Kerry's big idea

John Podhoretz:


The speech, like the Democratic Convention that it concluded, was spectacularly disingenuous. Kerry and the Democrats kept insisting that they were taking the high road and that they were accentuating the positive.

"In the weeks ahead," Kerry said directly to President Bush last night, "let's be optimists, not just opponents. Let's build unity in the American family, not angry division. Let's honor this nation's diversity; let's respect one another. . . . The high road may be harder, but it leads to a better place. And that's why Republicans and Democrats must make this election a contest of big ideas, not small-minded attacks."

That's wonderful. But that passage came only after Kerry had launched an astonishing volley of highly incendiary charges at George W. Bush and his administration.

He directly accused Bush of fighting a war not because it was in this country's national interest but basically because he "wanted" to.

He all but described the Iraq war in Michael Moore terms, as a war about oil, when he said that in his administration, "No young American in uniform will . . . be held hostage to our dependence on oil from the Middle East."

And yet his plan to save us from dependence on Middle East oil is the same old nonsense about investing in new technologies like solar energy that don't work very well. It so happens that George W. Bush ran on this very same issue in 2000, only he had and has a specific plan to end our dependence by drilling for oil in the Alaska National Wildlife Refuge.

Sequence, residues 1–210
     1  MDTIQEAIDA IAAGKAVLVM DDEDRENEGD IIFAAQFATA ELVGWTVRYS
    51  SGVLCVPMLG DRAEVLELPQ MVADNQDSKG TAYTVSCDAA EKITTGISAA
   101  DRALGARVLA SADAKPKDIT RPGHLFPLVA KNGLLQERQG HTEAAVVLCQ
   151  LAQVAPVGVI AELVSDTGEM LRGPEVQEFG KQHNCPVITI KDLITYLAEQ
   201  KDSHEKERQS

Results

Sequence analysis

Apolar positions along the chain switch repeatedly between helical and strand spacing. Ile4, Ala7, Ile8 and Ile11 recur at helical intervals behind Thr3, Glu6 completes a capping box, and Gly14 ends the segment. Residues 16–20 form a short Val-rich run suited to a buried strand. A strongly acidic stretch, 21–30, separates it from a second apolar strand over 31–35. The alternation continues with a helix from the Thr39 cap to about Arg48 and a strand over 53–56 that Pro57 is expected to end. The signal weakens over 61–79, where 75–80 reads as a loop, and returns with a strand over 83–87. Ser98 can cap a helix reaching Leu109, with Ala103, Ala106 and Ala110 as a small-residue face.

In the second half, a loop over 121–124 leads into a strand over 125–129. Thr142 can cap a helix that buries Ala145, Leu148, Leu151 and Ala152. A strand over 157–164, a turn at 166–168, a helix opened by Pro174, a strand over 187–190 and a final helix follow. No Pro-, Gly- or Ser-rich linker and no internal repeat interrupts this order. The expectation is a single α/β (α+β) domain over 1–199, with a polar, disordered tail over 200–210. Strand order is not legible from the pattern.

And yet, again echoing Michael Moore, Kerry insinuated that our Middle East policy has been made at the behest of the "Saudi royal family."

I'm all for bashing the Saudi royal family, but it's impossible to make the case fairly that Bush is in the Saudis' pocket when he has so staunchly supported Israel, which the Saudi royals have sought to destroy for 56 years.

He accused the attorney general of failing to "uphold the Constitution of the United States" — presumably because he is enforcing the provisions of the Patriot Act, for which John Kerry and John Edwards both voted.

He essentially said that Democrats differ from Republicans because Kerry and his party "value jobs that pay you more not less than you earned before" — whereas Republicans, presumably, do not value such jobs.

Kerry has every right to go after Bush with everything he's got. But in essence, while calling on the president to engage with Kerry in a battle of "great ideas," Kerry articulated only one big idea last night.

Kerry's big idea is this: He was a war hero and Bush is a lying scoundrel.

So, in the end, it appears Kerry has decided to run as Howard Dean with some medals.


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